Chapter 7 vs. Chapter 13
I can usually determine rather quickly in our initial meeting whether a client is eligible to file a Chapter 7 based on what they tell me about their income and assets and what they have done recently. My goal initially is to place clients in a Chapter 7 if that will solve the issues at hand. Sometimes there are issues that cannot be addressed in a Chapter 7, and therefore a Chapter 13 is preferable from the beginning. For example, if taxes are not dischargeable, they can be paid off in a Chapter 13 over five years and. without any interest or penalties and without the IRS being able to place a lien on your assets. Also, if you own a piece of real estate that is underwater and the IRS has a claim, it is possible in a Chapter 13 to cram down the IRS debt to the value of the home and save clients thousands of dollars.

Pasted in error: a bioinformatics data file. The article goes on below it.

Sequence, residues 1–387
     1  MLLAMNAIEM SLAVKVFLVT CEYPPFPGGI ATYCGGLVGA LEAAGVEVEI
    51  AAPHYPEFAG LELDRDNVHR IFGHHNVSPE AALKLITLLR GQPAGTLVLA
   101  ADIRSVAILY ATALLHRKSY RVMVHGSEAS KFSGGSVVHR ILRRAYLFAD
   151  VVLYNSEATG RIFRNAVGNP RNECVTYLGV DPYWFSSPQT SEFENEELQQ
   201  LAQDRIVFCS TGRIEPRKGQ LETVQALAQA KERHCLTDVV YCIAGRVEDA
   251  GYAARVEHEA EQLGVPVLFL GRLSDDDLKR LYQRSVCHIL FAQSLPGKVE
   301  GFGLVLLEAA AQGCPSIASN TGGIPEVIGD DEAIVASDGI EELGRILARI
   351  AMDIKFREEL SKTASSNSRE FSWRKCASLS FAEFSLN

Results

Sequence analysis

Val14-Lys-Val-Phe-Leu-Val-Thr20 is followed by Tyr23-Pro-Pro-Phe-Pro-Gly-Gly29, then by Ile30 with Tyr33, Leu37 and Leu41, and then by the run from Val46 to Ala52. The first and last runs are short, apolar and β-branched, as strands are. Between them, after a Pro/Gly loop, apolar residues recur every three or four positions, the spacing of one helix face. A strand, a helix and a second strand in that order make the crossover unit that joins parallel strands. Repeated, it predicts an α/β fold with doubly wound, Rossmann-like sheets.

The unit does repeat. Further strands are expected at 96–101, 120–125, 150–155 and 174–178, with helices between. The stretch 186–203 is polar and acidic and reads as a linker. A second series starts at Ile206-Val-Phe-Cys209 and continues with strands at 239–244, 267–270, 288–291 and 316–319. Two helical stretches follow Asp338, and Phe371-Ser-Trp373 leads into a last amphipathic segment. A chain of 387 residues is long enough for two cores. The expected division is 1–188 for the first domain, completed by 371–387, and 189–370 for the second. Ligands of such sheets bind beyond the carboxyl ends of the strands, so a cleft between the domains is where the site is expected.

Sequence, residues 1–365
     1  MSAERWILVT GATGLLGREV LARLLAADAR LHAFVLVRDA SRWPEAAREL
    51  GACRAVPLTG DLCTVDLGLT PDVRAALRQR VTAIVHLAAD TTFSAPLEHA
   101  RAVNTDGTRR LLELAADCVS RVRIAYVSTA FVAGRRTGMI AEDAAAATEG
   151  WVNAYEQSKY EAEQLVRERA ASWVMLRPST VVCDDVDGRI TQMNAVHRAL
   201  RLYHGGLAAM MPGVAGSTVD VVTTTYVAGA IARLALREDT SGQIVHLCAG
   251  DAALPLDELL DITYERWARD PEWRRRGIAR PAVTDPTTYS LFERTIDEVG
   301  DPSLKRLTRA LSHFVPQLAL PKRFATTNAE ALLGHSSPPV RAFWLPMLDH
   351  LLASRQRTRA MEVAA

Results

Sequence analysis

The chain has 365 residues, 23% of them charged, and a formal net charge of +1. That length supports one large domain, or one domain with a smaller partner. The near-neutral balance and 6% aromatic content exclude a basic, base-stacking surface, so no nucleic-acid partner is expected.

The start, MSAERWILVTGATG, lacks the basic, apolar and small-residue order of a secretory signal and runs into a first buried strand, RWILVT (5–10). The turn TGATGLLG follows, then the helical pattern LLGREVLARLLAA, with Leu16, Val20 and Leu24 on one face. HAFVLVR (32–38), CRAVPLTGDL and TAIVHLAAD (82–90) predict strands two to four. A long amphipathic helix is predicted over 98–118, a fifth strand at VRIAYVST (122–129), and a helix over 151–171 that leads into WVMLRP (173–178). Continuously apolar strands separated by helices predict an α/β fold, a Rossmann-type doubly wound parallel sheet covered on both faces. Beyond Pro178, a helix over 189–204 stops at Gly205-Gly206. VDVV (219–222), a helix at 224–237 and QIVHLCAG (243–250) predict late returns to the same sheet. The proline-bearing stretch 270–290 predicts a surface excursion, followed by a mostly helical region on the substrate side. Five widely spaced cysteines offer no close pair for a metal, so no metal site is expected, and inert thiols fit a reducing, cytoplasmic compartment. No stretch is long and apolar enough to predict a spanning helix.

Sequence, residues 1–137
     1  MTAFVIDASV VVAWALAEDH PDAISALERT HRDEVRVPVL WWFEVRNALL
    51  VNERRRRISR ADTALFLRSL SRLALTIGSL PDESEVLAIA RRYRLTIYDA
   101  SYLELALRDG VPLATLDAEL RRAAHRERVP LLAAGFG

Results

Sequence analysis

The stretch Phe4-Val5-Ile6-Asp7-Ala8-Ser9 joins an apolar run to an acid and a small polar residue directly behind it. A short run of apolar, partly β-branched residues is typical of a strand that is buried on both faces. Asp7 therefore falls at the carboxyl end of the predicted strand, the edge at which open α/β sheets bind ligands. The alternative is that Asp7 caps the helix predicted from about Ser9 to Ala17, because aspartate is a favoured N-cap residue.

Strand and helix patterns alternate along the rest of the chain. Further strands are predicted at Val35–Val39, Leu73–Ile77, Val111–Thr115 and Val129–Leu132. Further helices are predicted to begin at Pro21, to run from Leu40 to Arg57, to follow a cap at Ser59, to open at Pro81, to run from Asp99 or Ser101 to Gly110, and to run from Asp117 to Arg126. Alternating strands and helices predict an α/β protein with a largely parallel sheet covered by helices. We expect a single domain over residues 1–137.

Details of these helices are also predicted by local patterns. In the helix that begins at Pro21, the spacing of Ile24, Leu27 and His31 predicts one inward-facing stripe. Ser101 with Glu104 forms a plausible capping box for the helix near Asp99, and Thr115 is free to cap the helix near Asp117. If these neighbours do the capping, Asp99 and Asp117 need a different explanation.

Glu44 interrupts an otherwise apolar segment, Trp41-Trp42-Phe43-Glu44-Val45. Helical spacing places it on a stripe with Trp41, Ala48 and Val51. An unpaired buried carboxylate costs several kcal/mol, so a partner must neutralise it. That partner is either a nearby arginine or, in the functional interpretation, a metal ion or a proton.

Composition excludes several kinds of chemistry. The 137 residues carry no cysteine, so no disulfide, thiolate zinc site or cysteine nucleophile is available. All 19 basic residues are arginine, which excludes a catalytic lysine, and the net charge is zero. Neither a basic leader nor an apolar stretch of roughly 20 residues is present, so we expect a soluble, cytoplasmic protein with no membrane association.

Other times a client is over the statutory limits for filing a Chapter 13 unsecured debt limit of $383,000 and secured debt limit of $1,080,000. There are no debt limits in a Chapter 7, so in a recent case I had, where the clients had over $700,000 in unsecured debt, I was still able to file a Chapter 7. There are cases in which a client is neither eligible to file Chapter 13 for debt limits nor can file Chapter 7 because of means testing. In this instance, a Chapter 11 may be the only solution. When a case is filed is often extremely important and may alter my strategy. I may suggest to a client that they delay a Chapter 7 filing because they tell me they just had the best six months of business or they just received a large bonus last month. Other clients have to wait to file because of the required eight years between Chapter 7 filings. Once four years have elapsed since the discharge from the Chapter 7, I can file a three-year Chapter 13 (provided the debtor is under median) and still obtain a discharge for the debtor in a pot plan, meaning that the creditors are paid pro rata from the trustee rather than at 100 percent, which would be the only option if the Chapter 7 was less than four years prior. Another tool used for eligibility in Chapter 7 is the property exemptions that allow debtors to protect their assets while still being discharged of their unsecured debt. Each state has property exemptions that vary widely across the country. New Jersey is an opt-out state, which allows me to select the federal property exemptions that are more favorable to my clients, and therefore, that I always utilize.